Cui Jian Frozen Light《光冻》

Cui Jian Frozen Light《光冻》
Cui Jian ("ts-way Jen") taught China to rock, and invented yaogun, its local incarnation, in 1986. Frozen Light, his sixth album and first in ten years, is more than just a showcase of an elder statesman: Cui is still atop and ahead of the pack. 

The titular/opening track, with its vocal flourishes reminiscent of U2's Bono, sets the album's tone, and toes the line between epic and cheesy: It's an epic, confident and sincere march. That sincerity is key to Cui's music, which embraces the power of a carefully and intricately constructed song, thanks to the way rock changed his life when foreign culture fell from space in the early '80s.

Cui doesn't sing in English, but he's hardly incomprehensible. He's never spelled out his messages; he knows rock can change the world, and it's at its most powerful when listeners draw their own conclusions. So even the almost-power ballads that might have seemed silly in others' hands are serious, genuine and affecting. It's not his fault we've lost our faith in rock.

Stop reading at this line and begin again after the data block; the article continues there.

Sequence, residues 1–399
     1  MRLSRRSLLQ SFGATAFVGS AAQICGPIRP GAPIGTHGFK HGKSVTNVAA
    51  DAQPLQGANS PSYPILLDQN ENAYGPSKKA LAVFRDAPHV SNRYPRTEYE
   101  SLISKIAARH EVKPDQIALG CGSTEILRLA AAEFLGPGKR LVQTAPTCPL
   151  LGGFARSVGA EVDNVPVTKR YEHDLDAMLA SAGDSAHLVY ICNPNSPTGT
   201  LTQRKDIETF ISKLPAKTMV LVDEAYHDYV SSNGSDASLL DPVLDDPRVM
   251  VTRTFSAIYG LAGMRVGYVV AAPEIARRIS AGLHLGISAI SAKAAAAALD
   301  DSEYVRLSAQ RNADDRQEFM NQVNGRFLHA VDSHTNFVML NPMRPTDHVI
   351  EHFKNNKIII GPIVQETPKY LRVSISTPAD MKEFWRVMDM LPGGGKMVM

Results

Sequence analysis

Cui's overwhelmingly propulsive Blade-Runner-meets-Bruce-Springsteen sound evokes China itself — futuristic yet conservative, attractive but with off-kilter minor-key meanderings and rhythmic shifts representing the disorienting effect of living there. There are two clear standouts here: the dystopian "Outside Girl" (外面的妞), best experienced with its gorgeous video, and "Fish-Bird Love" (鱼鸟之恋), a duet with Tibetan singer Yunggiema, which updates "Don't You Want Me" and "I'd Do Anything For Love," with a pinch of "Bonnie and Clyde."

Frozen Light isn't just the sound of China, though: It's the sound of rock and roll's potential, too. (Sony China)